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    Joe
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  6. #6
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    National Certification NFPA 1006. Though not strictly vehicle, it is vehicle and industrial rescue certification plus it also includes water rescue, rope, etc. PA is currently evaluating their new vehicle rescue cert class which will be according to NFPA 1006. WV is also developing their new program under the same National program.

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    Smile

    Get the NFPA book for 1006. It is for rescue tecnician. It covers what they deem to be the new standard. It is a couple of years old now. We in Missouri have built our courses from this new standard as it came available.

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    I got no idea what Ohio says ........'77 or #10 ?
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    Don't believe there are ANY vehicle extrication certifications in the State of Ohio..........

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    What is generally issued after completing a formal extrication program is a "certificate" of "attendance" not certification for a motor vehicle extrication program at a certain skills level. Basic skills should be not less than 12-hours, most would agree that 16-hour programs should be part of the standard.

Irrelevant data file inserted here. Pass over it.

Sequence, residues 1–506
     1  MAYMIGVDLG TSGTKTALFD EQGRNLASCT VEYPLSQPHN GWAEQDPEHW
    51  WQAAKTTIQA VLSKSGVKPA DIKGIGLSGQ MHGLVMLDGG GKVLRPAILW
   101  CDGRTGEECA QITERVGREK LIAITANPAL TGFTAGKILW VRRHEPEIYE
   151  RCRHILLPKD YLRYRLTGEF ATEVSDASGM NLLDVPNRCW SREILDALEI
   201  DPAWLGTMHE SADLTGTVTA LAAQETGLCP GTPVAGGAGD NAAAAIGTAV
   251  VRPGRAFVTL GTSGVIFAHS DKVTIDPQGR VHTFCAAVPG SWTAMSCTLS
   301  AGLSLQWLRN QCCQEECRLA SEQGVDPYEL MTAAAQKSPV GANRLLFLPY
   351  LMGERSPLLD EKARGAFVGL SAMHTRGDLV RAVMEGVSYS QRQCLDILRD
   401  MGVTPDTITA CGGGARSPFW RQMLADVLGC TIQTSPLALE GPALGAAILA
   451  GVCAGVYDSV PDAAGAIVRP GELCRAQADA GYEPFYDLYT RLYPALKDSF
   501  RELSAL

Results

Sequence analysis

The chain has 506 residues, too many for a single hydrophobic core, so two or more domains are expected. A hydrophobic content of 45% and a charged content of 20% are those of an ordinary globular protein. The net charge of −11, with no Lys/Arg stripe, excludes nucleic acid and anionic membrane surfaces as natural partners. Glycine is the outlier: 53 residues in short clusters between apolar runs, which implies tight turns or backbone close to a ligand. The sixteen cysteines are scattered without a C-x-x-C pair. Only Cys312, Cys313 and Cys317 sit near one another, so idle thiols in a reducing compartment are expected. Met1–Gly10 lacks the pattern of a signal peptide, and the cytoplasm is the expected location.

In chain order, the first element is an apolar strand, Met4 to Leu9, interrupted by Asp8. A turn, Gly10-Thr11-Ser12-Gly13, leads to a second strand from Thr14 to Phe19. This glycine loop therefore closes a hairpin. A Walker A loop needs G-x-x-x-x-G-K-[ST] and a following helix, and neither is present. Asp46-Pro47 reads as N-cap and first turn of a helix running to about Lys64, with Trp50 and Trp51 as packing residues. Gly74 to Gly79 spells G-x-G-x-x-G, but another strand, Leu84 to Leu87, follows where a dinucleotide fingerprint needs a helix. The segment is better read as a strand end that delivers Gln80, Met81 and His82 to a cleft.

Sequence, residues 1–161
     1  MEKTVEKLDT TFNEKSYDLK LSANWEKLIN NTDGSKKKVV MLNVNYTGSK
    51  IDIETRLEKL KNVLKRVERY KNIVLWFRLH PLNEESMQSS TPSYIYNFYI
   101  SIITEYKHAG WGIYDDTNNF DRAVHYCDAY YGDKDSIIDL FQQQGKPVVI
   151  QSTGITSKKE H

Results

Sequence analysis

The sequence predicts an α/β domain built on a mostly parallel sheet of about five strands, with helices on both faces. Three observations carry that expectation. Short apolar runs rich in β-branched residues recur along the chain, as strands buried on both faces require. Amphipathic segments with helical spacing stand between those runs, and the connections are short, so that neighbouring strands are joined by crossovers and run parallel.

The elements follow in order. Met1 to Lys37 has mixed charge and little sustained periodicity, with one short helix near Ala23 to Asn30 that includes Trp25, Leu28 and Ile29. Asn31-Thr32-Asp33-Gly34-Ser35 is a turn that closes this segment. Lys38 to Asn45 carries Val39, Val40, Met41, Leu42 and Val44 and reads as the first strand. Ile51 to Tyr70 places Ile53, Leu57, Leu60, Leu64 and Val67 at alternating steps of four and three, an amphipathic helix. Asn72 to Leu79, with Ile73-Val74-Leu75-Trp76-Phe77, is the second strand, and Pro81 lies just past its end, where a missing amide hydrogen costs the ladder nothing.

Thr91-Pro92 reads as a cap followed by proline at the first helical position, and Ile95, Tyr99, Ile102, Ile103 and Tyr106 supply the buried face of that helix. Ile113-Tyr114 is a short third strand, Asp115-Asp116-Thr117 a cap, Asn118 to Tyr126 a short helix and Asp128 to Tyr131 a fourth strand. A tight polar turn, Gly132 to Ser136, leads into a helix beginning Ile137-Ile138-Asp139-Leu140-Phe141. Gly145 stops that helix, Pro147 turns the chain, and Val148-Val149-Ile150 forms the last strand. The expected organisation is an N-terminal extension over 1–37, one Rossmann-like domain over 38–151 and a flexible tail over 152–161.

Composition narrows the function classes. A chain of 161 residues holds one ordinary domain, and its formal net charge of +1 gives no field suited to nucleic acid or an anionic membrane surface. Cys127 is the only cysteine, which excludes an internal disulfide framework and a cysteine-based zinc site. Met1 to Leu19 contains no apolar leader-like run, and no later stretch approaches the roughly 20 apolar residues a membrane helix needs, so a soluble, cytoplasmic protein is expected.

NFPA Standars: Unfortunately there are no extrication skills for FF-I, it is only at the FF-II skills level that extrication addressed. NFPA 1670 Standard on "Operations and Training for Technical Rescue Incidents" 1999 Edition, is for technical rescue specialist. Chapter-6 of the standard pertains not only to vehicle extrication, but machinery as well. In addition, Chapter-6 is also linked to other chapters within the NFPA 1670.

    I think we all would like to raise the bar for the level of training, will certification help, perhaps. Extrication certification has been tossed about for decades, especially when there is rescue resulting in a tragedy.

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    I think we all would like to raise the bar for the level of training